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Housing Update: Threat to Section 8 Program Continues

May 26, 2004

The HUD Section 8 voucher program – a critical affordable housing resource for low-income people with severe mental illnesses – is currently facing twin challenges that threaten existing rent subsidies in the current fiscal year (FY 2004) and next year (FY 2005). For both this year and next year, decisions being made by HUD and Congress in the coming months will determine whether housing authorities will have sufficient funding to keep rental assistance contacts in place under current rules.

The Section 8 program provides monthly rent subsidies to eligible individuals and families that pay the difference between monthly rental costs and what a low-income tenant can afford (i.e. 30% of the tenant’s income). Since the program was developed in the 1970s, HUD and Congress have always provided sufficient funding to local housing authorities to renew (i.e. keep in place) every existing rental voucher under lease. However, for this year and next year, administrative actions and proposed funding requests have placed this policy into question. If funding for this year or next year is insufficient, local housing agencies will be faced with the prospect of either canceling vouchers, cutting payments to landlords or raising tenant rents.

Section 8: Critical Affordable Housing Resource for Consumers

Recent HUD data indicates that for many housing authorities, non-elderly people with disabilities (including individuals with severe mental illnesses) are among the largest group of Section 8 voucher holders. This results in large part through federal requirements for housing agencies that administer Section 8 to target at least 75% of their vouchers to extremely low-income households (i.e., those at or below 30% of area median income). Likewise, people with mental illnesses and other disabilities would be most as risk of losing rental assistance if HUD and Congress fail to provide agencies with enough funds to meet the full cost of subsidy renewals for FY 2004 and FY 2005.

Last year, the Technical Assistance Collaborative and Consortium for Citizens With Disabilities (CCD) Housing Task Force published Priced Out in 2002, a national report comparing HUD fair market rents to Supplemental Security Income (SSI) as a monthly cash benefit. The findings were alarming, though not surpassing: individuals living on SSI were (on average) at 18.5% of median income and would have to spend (on average) 105% of their monthly income to rent a modest 1-bedroom apartment. Data for each individual housing market is available in the full text of the Priced Out report, which can be downloaded at:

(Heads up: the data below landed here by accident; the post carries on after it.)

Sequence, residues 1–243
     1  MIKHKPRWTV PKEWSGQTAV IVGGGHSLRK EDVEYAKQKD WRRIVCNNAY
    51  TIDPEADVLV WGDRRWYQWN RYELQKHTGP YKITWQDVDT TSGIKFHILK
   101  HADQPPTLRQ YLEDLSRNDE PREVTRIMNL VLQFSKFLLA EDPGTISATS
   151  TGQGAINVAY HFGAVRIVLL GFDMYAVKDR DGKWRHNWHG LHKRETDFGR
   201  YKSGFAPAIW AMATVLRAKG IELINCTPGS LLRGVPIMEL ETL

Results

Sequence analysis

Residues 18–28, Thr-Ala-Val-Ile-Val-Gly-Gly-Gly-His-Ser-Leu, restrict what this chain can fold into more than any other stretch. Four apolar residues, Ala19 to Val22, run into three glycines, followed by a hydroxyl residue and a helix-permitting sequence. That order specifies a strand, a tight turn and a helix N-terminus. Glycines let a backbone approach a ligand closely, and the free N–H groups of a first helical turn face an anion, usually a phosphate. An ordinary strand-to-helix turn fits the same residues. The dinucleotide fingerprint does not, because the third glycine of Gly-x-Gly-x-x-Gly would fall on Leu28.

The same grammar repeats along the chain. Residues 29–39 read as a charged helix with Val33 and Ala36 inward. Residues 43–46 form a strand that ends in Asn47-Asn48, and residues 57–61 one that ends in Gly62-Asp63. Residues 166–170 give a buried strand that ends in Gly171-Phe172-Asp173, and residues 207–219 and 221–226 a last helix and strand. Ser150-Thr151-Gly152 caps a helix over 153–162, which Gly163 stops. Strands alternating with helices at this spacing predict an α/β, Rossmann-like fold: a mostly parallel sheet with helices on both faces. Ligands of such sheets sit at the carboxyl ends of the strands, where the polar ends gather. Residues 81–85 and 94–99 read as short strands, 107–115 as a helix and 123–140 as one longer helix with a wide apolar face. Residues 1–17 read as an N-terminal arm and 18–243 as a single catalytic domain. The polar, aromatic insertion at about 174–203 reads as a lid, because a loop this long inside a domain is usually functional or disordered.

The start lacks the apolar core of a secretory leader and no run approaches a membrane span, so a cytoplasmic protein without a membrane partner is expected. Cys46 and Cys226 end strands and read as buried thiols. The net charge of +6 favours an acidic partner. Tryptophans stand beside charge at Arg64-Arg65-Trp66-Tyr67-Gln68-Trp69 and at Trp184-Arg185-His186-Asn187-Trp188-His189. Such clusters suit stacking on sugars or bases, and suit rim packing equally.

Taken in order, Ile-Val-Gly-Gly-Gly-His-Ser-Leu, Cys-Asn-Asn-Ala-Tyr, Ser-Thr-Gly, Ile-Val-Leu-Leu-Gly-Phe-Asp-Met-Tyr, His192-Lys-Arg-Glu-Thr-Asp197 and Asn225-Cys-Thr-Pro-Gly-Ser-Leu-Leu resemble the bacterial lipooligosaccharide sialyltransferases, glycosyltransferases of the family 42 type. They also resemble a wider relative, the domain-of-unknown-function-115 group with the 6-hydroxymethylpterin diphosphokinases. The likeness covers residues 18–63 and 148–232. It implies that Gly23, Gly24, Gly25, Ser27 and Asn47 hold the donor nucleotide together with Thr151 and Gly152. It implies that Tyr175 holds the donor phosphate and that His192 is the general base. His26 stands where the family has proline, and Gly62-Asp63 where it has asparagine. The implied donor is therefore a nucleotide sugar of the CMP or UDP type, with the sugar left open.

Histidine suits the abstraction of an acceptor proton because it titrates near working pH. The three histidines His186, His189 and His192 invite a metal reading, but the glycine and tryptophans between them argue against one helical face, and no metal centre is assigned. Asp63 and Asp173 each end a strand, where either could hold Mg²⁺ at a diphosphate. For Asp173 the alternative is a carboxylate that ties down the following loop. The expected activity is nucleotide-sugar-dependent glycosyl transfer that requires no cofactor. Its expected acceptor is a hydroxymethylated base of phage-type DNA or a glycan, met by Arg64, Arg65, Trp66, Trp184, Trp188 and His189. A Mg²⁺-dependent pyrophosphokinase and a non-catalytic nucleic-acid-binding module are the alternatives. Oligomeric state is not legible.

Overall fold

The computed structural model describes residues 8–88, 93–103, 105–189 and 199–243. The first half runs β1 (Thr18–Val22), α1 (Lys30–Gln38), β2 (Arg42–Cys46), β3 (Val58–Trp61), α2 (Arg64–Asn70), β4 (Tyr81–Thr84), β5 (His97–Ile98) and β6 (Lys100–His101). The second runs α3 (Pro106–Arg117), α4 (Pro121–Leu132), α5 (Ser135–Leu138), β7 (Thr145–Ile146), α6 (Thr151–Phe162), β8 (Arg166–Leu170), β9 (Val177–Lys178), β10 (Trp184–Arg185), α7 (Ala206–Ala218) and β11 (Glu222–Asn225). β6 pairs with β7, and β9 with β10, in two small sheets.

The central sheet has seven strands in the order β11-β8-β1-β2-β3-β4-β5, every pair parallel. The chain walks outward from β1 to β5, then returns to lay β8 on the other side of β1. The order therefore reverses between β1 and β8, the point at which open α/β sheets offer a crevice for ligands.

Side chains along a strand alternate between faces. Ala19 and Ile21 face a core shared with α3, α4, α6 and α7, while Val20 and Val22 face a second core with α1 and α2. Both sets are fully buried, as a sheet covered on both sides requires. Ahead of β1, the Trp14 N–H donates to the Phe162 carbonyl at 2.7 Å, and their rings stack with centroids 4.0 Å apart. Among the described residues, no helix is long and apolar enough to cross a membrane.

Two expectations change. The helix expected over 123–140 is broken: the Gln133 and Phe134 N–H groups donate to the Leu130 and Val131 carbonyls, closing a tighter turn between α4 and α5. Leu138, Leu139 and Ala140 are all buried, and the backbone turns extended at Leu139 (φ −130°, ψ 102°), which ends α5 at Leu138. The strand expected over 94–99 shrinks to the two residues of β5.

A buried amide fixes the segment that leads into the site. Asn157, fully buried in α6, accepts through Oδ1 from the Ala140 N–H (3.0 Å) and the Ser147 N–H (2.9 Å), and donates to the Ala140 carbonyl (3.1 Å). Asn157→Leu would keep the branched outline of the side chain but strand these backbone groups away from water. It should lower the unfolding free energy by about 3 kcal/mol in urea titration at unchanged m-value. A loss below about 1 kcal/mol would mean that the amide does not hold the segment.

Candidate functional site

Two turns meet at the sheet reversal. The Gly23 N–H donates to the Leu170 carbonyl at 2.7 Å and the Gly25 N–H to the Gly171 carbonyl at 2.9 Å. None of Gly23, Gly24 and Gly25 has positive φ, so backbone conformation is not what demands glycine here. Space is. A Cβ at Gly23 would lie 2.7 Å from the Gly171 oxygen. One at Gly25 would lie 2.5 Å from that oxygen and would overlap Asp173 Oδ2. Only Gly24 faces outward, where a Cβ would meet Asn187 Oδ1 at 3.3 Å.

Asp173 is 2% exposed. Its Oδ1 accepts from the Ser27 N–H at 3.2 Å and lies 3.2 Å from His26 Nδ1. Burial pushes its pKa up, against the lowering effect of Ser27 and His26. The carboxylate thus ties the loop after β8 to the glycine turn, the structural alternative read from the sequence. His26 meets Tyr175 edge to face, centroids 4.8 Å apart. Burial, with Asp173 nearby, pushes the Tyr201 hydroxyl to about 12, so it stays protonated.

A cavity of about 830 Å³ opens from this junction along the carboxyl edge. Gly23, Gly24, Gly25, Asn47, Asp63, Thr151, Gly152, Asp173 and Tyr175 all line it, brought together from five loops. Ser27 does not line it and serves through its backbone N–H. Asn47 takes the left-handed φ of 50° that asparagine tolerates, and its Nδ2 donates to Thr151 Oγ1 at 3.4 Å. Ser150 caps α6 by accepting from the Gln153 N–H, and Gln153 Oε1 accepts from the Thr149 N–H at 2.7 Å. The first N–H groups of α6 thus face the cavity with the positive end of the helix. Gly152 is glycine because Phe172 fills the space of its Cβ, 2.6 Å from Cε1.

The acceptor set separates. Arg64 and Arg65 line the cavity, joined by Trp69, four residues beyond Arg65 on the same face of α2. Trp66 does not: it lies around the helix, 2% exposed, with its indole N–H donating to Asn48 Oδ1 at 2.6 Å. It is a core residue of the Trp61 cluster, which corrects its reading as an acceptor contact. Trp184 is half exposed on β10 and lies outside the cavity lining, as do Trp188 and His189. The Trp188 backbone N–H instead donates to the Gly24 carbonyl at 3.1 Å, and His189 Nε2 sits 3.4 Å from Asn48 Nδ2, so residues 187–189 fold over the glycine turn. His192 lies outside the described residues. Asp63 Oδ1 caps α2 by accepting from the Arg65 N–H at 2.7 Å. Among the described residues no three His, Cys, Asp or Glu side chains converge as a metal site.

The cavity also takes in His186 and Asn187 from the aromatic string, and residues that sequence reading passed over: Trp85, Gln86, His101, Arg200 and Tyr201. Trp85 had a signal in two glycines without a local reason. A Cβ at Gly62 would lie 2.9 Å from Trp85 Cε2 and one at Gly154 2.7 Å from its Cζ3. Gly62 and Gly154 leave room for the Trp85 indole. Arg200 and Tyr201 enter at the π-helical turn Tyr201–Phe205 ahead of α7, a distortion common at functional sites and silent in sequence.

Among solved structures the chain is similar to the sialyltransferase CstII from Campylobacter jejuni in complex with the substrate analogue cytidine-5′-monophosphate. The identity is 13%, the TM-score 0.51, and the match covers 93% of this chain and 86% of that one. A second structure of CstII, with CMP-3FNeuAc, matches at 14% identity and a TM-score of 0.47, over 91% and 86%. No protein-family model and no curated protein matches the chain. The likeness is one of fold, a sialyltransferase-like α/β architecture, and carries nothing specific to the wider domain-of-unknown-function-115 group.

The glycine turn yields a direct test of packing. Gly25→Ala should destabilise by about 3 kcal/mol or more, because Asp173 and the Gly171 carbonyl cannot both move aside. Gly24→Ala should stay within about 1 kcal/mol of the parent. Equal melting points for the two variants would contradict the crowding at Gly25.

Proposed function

Background on Current Threats to Section 8

  1. Section 8 FY 2004 Renewals – Despite expectation in Congress that sufficient funds were appropriated for the current fiscal year to renew all existing Section 8 vouchers under lease, many housing agencies across the country are coping with a shortfall in funding provided by HUD. This is occurring as a result of an interpretation of language in HUD’s FY 2004 appropriation that is preventing housing agencies from receiving funding to cover the actual costs of renewals based on changes in tenant-income and rental costs. Instead, HUD is allocating funding based on an arbitrary figure and has notified agencies more than six months into the current federal fiscal year. The result is that dozens of housing agencies are now short on renewal funds for FY 2004 and are being forced to raise tenant contributions, cut payments to landlords and in some instances, actually cut off rental assistance altogether. People with disabilities are especially vulnerable as housing agencies go through the process of coping with these shortfalls. NAMI urges HUD to withdraw its April 22 Notice to housing authorities on FY 2004 renewals and come back with a proposal to ensure that there are sufficient funds to renew all current Section 8 vouchers under lease.
  2. Section 8 FY 2005 Flexible Voucher Proposal – The Bush Administration’s FY 2005 budget contains a proposal to cut Section 8 $1.6 billion below the amount needed to renew all current vouchers under lease. The budget also includes a radical "Flexible Voucher Proposal" that would cap future payments to housing agencies, while granting them unprecedented flexibility to raise tenant contributions and time limit rental assistance. NAMI and dozens of national disability organizations and other groups representing housing agencies, elected officials and low-income housing advocates are opposing this misguided proposal. By limiting future Section 8 funding and delinking federal funding from the actual per voucher costs of providing rental assistance, state and local housing agencies will have enormous incentives to avoid serving extremely low-income households (those at 30% of area median income and below) whose per voucher costs are higher. Likewise, time limits on assistance and higher tenant contributions imposed by housing agencies will fall hardest on people with disabilities living on SSI. NAMI urges Congress to reject the Administration’s "Flexible Voucher" proposal for FY 2005.

More information on the current threats to the Section 8 program is available at: 

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